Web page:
* Your friends and family members begin to complain to you that you are spending too much time on the Internet. Your phone is tied up for hours.
* You are not getting enough sleep because of late nights on the Internet, or you have let your housework, family responsibilities or work responsibilities slide to spend time on the 'net.
* You become defensive when your internet usage is discussed by family members, church family, or your chat room friends.
* When you are stressed or burdened you automatically turn to the chat room, rather than to the Lord in personal prayer time, or to your family or local body of Christ.
* Your devotions and ministry to the local body of Christ are slipping.
* You find your thoughts are drawn to the Internet while you are doing other activities during the day.
* You find it increasingly easier to talk with your "chat friends" and feel more and more distant from your friends and family off the 'net. You find you can relate easier to your on line friends than your own family and church body.
* You have a sense of "euphoria" or anticipatory "high" when you log onto your computer.
I have been chatting on the internet and local BBS's for several years and have truly been blessed by prayer and fellowship with believers from all over the world. I have been honoured to lead people to the Lord and have been able to encourage many to return to a local church and to find a deeper walk with Christ. I can say the majority of people who chat in Christian chat rooms have a healthy respect for the internet and have found balance in their lives. At first, like any new experience, they may spend longer hours in chat until the novelty wears off and they soon find a balance, between their family responsibilities, fellowship with the local church and their life on the net
However, I have personal knowledge of at least two Christian marriages that have been destroyed by a spouses internet obsession or addiction. Self-deception and denial can become intense. Often the one spouse feels neglected or lonely, and turns to the net as a distraction. They soon find all these wonderful people in chat rooms who understand them and appreciate them so much more than their own spouse or family.
Chat Room relationships are unique in the way that you can avoid confrontation and the every day conflicts in relationships, by just hanging up and logging out of a chat room. You can create your own perfect little world on the internet, always being around seemingly supportive people who you do not have to go through the every day highs and lows of family and church relationships. Chat room relationships feel safe because you know that will never meet your chat room companions in person, and even if you did, it would be for short visits. The internet should never become an escape from the problems in your life off the net.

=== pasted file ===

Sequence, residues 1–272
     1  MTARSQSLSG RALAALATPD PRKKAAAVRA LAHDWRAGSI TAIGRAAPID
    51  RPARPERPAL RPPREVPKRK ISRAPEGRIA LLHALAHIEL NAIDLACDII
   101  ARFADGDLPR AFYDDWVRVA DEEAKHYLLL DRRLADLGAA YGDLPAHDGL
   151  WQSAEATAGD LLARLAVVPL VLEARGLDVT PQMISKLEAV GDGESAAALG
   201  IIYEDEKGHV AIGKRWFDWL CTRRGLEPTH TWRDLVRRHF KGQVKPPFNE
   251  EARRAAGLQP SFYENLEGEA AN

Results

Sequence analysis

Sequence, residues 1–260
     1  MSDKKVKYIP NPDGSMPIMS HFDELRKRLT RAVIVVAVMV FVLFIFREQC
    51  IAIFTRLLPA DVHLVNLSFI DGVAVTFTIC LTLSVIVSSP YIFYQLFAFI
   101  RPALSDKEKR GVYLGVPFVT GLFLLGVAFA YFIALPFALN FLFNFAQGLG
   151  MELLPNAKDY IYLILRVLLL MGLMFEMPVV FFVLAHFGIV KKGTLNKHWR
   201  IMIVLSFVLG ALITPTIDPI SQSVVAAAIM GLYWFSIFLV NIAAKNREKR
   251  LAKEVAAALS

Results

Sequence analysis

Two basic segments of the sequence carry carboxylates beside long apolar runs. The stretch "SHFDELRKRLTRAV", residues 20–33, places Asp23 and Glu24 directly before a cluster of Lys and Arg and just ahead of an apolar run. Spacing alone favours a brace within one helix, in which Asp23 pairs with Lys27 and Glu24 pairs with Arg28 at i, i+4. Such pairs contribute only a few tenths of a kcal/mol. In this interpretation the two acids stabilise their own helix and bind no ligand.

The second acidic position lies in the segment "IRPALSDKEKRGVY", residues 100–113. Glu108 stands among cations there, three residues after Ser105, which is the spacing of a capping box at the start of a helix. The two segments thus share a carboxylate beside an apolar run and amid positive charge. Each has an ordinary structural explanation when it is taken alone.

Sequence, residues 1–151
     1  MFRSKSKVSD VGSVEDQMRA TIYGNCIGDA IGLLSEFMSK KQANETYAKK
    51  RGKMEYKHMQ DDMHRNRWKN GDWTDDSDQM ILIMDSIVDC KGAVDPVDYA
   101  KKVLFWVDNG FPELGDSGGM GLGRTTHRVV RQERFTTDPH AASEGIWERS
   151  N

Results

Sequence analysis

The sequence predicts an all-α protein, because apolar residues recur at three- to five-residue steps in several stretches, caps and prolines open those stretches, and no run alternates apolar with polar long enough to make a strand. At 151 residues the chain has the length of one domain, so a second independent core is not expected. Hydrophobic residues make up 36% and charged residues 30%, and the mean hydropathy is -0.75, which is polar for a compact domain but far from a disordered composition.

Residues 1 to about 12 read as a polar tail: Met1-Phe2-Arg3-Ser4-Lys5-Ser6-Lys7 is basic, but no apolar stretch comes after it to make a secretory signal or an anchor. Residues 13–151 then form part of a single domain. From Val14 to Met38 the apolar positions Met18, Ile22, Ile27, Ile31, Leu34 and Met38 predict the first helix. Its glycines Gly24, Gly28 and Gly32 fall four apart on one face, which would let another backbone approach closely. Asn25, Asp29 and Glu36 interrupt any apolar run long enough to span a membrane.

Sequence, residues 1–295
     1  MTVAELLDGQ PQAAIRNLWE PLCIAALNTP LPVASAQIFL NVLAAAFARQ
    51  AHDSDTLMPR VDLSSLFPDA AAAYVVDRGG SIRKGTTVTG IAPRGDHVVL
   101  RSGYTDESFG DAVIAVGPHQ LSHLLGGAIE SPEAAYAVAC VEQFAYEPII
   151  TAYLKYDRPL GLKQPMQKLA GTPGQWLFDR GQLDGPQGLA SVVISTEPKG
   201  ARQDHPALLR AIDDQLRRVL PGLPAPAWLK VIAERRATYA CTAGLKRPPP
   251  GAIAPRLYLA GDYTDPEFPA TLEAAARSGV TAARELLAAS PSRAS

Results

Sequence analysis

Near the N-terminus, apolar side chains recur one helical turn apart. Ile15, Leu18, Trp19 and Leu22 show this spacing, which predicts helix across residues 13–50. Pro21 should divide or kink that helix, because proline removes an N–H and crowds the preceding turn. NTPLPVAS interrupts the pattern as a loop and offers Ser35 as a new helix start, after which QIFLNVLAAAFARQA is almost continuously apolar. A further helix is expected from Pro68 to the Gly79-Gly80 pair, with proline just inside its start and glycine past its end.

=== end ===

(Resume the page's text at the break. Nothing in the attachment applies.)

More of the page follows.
The chat experience can be incredibly intense and many find themselves sharing personal stories and intimate details of their lives much more quickly than they would in a face to face relationship. This can confuse a person into thinking that the cyber friendship is more "real" than friendships they have had off the net. This is not true, necessarily. I have read 80 percent of communication is body language. The chat room experience does not allow you to see the whole person, and thus it is often hard to truly get a complete picture of your friends on the net. While there have been many healthy relationships that have deepened to more serious commitments that have started through the internet, if your main reason for fellowship in a chatroom is to find a spouse, then I would have some concern.
I would caution you to not allow the word "ministry" to become an excuse for excessive internet usage. No ministry, either on line or off line is that important as to put your family life in jeopardy. Many a pastor, in hindsight, could tell you of the dangers of putting ministry above their relationship with their family. If you are not spending quality and quantity time with your children, spouse, parents, or friends because of your "on line ministry", seek the Lord as to what is His priority for you.
Enjoy chatting but don't let it become your main focus. The internet is a wonderful tool and a great place to learn, and fellowship, but it should never take the place of face to face relationships, and should never become your sole "haven" from problems that you are afraid to work through off the computer.